Friday at the ANC

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March 9th 2017
Published: March 10th 2017
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Beautiful Alaska sunset.
Today was a tough day. We got lots of conflicting information from the trail. We had teams checking in at Galena (checkpoint 5) and there was no record of them checking out of Ruby (checkpoint 4). However, we found out that the volunteer at Ruby was working on his own for many hours and couldn't keep up with mushers arriving, mushers leaving, and the dog count. It's really important to keep track of the dog count. At each checkpoint the dogs are checked by a veterinarian. Dogs are dropped all the time so don't let this alarm you. It can be for simple or serious things. We had discrepancies with the number of dogs leaving one checkpoint and arriving at another. BUT it's our job to figure this all out.

I was working with Rex, a guy from Utah. We had worked together on Tuesday and we work together really well. It got crazy for awhile with teams checking in & out of Ruby, and in and out of Galena. We got it done and everything was entered on the computer.

I've been doing the "black ice walk", kinda of waddle to distribute the weight over my feet and

Beautiful Alaska sunset.
not fall. Well, I fell today but didn't get hurt. A woman (volunteer) from Utah fell, fractured her lower arm, and needs surgery tomorrow. She won't be a dog handler anymore!

Sunset today was beautiful. I looked at the dropped dogs held behind the hotel until someone picks them up. There were only 2 and handlers were on their way.

Here's more musher profiles. Jessie is currently in 2nd place, and Michelle is in 3rd. They have both taken their mandatory 8 hour rest, and the guy in first, Mitch Seavey, has not. Could there be a female winner this year?

Jessie Royer

Bib Number: 37
Hometown: Fairbanks, Alaska

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Jessie Royer, 40, was born in Idaho. She grew up on a cattle ranch in Montana where she lived for 21 years. She worked on ranches as a horse wrangler and horse teamster. She says she got her first sled dogs when she was 15. She started learning about dogs from Doug Swingley whom she worked with for a couple of years. She had dogs in Montana seven years before moving to Alaska in the spring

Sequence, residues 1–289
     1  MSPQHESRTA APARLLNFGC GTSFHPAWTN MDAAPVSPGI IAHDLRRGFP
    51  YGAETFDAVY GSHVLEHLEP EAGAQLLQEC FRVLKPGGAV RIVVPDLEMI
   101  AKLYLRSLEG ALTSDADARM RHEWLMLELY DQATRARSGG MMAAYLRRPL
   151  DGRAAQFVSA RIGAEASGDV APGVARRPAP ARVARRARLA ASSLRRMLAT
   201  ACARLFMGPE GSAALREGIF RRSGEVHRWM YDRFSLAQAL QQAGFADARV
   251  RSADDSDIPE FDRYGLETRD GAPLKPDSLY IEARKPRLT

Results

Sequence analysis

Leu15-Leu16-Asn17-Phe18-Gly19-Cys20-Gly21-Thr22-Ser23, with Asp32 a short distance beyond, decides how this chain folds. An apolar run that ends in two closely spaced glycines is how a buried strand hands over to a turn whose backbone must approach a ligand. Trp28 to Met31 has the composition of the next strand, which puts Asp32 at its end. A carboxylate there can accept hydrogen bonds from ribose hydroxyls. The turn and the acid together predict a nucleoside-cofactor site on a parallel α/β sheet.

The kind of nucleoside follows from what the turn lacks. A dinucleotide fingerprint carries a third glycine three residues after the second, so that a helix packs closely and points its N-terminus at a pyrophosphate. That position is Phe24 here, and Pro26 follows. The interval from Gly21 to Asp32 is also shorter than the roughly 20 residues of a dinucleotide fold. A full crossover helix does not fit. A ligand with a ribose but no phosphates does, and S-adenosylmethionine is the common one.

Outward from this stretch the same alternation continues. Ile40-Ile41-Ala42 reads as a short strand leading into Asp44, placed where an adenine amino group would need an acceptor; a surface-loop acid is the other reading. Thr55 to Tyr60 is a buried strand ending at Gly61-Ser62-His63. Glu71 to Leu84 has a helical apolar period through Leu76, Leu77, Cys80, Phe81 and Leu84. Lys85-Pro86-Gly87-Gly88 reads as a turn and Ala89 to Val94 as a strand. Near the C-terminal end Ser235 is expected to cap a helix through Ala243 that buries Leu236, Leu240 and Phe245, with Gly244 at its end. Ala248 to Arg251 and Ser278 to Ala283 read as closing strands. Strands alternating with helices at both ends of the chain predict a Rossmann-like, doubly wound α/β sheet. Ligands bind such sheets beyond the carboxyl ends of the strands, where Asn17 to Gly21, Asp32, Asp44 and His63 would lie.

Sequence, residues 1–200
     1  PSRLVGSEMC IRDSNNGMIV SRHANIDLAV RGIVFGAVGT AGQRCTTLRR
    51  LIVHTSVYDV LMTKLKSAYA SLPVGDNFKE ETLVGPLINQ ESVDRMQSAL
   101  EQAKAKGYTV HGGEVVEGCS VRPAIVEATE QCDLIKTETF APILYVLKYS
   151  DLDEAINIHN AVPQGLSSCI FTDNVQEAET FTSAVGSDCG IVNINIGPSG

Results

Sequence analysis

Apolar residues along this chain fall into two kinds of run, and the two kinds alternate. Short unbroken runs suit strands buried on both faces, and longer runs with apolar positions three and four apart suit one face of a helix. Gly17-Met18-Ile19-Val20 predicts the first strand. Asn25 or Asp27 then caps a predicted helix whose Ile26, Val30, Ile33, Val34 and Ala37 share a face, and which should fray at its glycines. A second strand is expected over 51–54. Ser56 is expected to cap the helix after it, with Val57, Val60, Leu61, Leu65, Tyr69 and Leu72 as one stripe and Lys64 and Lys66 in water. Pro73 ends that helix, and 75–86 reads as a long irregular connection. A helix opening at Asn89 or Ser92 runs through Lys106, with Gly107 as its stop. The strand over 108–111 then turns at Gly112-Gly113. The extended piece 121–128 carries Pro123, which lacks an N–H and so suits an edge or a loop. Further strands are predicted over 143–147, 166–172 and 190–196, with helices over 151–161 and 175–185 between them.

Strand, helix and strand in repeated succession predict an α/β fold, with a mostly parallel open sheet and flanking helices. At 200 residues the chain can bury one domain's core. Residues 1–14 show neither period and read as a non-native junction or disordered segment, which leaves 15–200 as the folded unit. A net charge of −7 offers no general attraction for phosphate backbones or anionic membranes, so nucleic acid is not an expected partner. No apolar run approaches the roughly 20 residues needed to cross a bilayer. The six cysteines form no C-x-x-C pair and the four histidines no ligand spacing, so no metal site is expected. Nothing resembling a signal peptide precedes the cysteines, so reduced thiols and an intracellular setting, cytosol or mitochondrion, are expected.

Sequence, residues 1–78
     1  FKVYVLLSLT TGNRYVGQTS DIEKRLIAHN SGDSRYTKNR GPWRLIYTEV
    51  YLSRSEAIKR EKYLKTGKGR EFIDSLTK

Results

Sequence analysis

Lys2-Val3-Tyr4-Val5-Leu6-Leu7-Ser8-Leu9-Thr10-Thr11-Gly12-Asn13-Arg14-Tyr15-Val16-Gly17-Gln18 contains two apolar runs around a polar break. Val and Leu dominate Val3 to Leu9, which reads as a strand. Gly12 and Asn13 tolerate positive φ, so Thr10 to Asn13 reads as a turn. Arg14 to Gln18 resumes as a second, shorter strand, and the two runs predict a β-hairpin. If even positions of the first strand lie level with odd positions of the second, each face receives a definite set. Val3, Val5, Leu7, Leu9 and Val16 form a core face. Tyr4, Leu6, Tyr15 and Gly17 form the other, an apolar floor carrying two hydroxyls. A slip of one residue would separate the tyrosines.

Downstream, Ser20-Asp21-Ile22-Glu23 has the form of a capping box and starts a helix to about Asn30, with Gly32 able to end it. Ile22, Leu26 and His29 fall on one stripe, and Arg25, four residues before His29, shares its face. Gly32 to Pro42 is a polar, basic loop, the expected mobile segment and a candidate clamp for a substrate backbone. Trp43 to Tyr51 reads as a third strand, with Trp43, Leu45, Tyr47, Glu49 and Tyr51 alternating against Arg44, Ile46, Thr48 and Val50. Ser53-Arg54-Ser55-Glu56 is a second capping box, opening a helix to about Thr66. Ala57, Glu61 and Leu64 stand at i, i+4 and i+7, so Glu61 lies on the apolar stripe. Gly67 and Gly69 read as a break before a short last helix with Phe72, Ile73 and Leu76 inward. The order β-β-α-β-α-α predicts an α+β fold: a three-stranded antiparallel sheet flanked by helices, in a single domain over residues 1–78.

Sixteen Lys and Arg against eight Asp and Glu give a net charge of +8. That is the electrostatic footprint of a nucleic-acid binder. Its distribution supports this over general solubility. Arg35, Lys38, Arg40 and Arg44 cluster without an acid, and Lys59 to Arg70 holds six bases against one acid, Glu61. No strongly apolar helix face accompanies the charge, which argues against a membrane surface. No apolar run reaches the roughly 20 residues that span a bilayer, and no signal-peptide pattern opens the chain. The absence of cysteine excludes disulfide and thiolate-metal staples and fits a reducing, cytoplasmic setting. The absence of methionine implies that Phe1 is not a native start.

Beautiful Alaska sunset.
on 1998. In December of 2011 she went back to the ranch in Montana to work. She says, “I still have my place in Fairbanks and go back and forth as much as I can.” Jessie has extensive mushing experience including having won Montana’s Race to the Sky when she was only 17 and she was the winner of the invitational La Grande Odyssée in France in 2005. She says her hobbies are horses, hunting, mounted shooting and photography.

Michelle Phillips

Bib Number: 9
Hometown: Tagish, YT, CANADA

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Michelle Phillips, 47, was born and raised in Whitehorse, YT. “After traveling the world for 10 years, I decided to settle down in a small cabin in the Yukon Bush. After living for a few years in the Southern Lakes region of the Yukon, I met my partner, Ed Hopkins. Ed introduced the sport of dog mushing to me and I immediately fell in love with the sport. Growing up in a very athletic family and training for many years as a figure skater, I enjoyed challenging myself and working with such an elite and talented group of athletes.

Dropped dog getting some love.
After running my first Yukon Quest, I was hooked on long distance mushing and I’ve been doing it since. I love traveling with my team of dogs and spending time with my best friends.” She and Ed own and operate Tagish Lake Kennel. Michelle has run six Yukon Quest races (best finish 4th and Vet’s Choice award in 2009.) For the past 17 years, when not racing professionally, Ed and Michelle, with their son Keegan, 15, (and up to 90 Alaskan huskies) have provided visitors with sled dog adventures of 30 minutes to seven days throughout the year.


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